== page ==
The newest leap forward in Zika virus vaccine development is probably the most exciting yet. The vaccine, a DNA-based approach, was found to be both safe and effective at revving up the immune system to protect infected mice from Zika.
University of Pennsylvania scientists, in collaboration with The Wistar Institute, Inovio Pharmaceuticals, and GeneOne Life Science, Inc., created GLS-5700, a synthetic DNA vaccine, which was tested for safety in a Phase 1 clinical trial in humans and for efficacy in mice models of Zika virus infection.
While researchers did not infect human participants with Zika virus to make sure the vaccine was working, they were able to confirm that the vaccine successfully evoked an immune response against the Zika virus in just three doses over several weeks. The safety trial included 40 participants; half received a one milligram dose of the vaccine, the other half received two milligrams.
All of the participants developed Zika-specific antibodies, and a large majority (80 percent) developed significant neutralizing antibodies, which neutralize the effects of the virus as opposed to binding and tagging them for destruction by other immune cells. Participants reported little to no adverse effects, only injection site pain, redness, and swelling, which you might see with any vaccine injection.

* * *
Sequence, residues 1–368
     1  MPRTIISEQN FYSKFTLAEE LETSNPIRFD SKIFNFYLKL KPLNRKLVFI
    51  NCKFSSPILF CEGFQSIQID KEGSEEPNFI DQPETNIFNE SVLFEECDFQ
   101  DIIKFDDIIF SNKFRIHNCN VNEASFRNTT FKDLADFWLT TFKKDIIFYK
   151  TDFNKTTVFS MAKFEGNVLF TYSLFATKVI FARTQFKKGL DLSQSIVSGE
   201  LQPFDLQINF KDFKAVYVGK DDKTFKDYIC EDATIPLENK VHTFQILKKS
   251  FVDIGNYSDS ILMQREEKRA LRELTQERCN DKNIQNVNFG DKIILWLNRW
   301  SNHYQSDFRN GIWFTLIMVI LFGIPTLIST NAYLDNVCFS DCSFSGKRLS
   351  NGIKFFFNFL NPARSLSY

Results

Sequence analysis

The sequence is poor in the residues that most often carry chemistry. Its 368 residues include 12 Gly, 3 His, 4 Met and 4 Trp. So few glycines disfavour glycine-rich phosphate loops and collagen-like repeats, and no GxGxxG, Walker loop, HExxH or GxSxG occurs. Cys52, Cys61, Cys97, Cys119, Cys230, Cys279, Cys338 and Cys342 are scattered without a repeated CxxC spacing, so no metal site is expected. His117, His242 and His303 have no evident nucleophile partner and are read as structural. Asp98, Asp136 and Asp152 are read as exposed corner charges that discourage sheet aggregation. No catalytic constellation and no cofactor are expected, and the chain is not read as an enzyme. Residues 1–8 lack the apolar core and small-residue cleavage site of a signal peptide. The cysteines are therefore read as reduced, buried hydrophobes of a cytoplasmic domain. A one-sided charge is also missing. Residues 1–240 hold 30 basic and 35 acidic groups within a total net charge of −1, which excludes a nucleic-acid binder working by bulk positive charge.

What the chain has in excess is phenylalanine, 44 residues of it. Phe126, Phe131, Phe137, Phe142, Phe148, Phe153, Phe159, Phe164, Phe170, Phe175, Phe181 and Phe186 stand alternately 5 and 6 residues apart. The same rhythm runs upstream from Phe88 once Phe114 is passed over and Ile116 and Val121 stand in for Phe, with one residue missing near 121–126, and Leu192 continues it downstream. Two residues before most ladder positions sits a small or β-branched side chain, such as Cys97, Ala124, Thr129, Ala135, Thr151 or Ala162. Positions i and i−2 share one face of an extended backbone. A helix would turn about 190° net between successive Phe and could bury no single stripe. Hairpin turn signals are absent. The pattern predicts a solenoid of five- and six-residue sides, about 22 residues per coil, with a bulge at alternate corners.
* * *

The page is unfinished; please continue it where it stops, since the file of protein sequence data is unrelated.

"This novel DNA vaccine was developed and implemented in just months via a platform that has advantages in temperature stability, storage, dose, and distribution compared to most traditional vaccines, making DNA vaccines an important tool to respond quickly to curb an emerging epidemic,” explained co-lead author The Wistar Institute’s David Weiner, PhD.
The blood from the human patients injected with the vaccine (containing the Zika-specific and neutralizing antibodies) successfully protected immunocompromised mice that had been exposed to the Zika virus.
"With these new results, we are one step closer to hopefully finding a way to prevent infection, which can cause serious birth defects and developmental delays in babies born to women who are infected with Zika,” said lead author Pablo Tebas, MD.
More studies will be done to ensure the vaccine will be effective at stimulating the immune system and preventing disease in humans. Tebas believes the new vaccine has “great promise” for being applied also to Chikungunya, West Nile Virus, Pandemic Influenza and Ebola.
The present study was published in the New England Journal of Medicine.